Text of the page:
Photo by John Schreiber.
Photo by John Schreiber.

Two days of strikes by nurses at three L.A-area hospitals and five in Northern California to press for higher staffing levels and what two unions call safer conditions for patients are scheduled to conclude Friday.

In Los Angeles County, nurses picketed Thursday and today at Kaiser Permanente’s Los Angeles Medical Center on Sunset Boulevard and marched today at Providence Little Company of Mary Medical Center Torrance and Providence Saint John’s Health Center in Santa Monica. About 500 people picketed outside the Kaiser facility Thursday, according to a representative for the nurses.

“Management demands for cuts in health coverage for RNs and their families are also a major focus for nurses … especially RNs who work for the Sutter Health chain,” the California Nurses Association and National Nurses United said before the strike began, asserting that 5,000 nurses would take part in the job action.

The nurses “are calling on hospitals to stop endangering patients by implementing safe staffing levels and taking steps to retain experienced RNs. They are also demanding policies that give RNs a stronger voice in patient care delivery,” according to the union statement.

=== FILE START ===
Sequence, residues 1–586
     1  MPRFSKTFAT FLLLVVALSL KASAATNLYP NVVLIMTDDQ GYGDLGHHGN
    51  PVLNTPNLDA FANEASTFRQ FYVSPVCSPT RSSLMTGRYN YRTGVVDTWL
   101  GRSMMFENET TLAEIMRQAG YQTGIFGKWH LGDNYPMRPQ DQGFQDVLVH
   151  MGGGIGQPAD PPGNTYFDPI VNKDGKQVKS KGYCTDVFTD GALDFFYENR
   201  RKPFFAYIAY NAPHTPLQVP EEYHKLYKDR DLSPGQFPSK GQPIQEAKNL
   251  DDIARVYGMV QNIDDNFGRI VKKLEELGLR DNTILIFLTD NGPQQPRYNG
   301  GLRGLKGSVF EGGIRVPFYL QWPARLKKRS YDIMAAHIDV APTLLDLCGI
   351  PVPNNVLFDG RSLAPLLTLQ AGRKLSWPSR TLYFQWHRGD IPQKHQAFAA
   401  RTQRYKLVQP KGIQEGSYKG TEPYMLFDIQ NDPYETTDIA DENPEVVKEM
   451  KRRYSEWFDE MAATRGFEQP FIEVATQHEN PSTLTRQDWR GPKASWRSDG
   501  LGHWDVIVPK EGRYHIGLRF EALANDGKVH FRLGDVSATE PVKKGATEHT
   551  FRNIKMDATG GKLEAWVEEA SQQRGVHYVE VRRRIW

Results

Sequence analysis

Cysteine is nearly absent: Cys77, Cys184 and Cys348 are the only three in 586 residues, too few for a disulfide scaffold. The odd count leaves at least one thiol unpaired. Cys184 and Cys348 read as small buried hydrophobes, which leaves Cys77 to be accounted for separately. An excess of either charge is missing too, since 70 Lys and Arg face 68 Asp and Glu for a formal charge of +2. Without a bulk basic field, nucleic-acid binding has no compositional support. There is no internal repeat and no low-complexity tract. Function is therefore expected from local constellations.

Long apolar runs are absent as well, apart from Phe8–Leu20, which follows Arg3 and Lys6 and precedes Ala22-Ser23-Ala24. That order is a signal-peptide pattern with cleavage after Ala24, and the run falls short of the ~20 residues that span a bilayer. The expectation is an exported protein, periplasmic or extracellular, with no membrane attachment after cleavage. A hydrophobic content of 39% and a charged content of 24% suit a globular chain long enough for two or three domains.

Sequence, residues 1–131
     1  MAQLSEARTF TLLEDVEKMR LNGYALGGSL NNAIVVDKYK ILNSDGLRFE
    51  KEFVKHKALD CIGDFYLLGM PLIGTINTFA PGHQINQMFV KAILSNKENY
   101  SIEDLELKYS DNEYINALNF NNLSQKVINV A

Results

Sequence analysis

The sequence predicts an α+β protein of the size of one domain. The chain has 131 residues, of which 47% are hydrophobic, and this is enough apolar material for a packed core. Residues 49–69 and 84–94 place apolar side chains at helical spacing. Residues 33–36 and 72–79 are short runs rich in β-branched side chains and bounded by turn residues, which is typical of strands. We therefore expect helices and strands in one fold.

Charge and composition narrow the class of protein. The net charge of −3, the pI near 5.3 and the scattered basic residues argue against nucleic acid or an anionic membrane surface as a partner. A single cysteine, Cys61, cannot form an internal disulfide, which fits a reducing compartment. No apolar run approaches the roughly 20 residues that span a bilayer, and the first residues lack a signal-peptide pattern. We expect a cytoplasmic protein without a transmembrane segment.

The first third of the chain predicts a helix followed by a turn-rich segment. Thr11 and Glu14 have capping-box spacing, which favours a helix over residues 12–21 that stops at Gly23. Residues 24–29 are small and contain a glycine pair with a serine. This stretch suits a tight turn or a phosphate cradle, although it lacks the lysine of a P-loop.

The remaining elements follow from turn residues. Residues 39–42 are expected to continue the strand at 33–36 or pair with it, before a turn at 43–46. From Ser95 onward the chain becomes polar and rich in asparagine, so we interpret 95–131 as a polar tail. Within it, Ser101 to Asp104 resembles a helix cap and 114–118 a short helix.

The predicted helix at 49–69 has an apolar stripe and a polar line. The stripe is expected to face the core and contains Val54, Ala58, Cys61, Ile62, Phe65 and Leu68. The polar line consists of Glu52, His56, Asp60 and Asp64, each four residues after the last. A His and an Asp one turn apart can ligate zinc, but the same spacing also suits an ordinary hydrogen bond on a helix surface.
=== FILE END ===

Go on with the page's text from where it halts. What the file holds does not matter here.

Kaiser officials said “a significant number” of nurses at the hospital ignored the call to strike and went to work on Thursday. They also said that while some LAMC nurses were walking the picket line, “there are estimates that up (to) two-thirds of those demonstrating are not associated with Los Angeles Medical Center.”

Kaiser officials said the walkout was an organizing tactic by the California Nurses Association, which does not represent nurses at Los Angeles Medical Center but is one of three unions vying to.

“It is unfortunate that one of the organizing tactics chosen by this union is to call on nurses to walk away from their patients,” according to Kaiser. “We believe it is entirely inappropriate to attempt to disrupt patient care or service as part of a union-organizing effort.”

Pickets were also held Thursday at five Sutter Corp. hospitals in Northern California — in Auburn, Burlingame, Roseville, Santa Rosa and Tracy.

Providence officials said they have contingency plans in place at its two hospitals targeted by the strike to ensure there would not be any disruptions in patient care.

“While the union claims the strike was called to improve patient safety, the truth is both of these hospitals have received national awards recently for quality and safety,” according to a statement from Providence, which said there are hospitals in the Southland that are not as highly rated as Providence and Kaiser hospitals.

—City News Service

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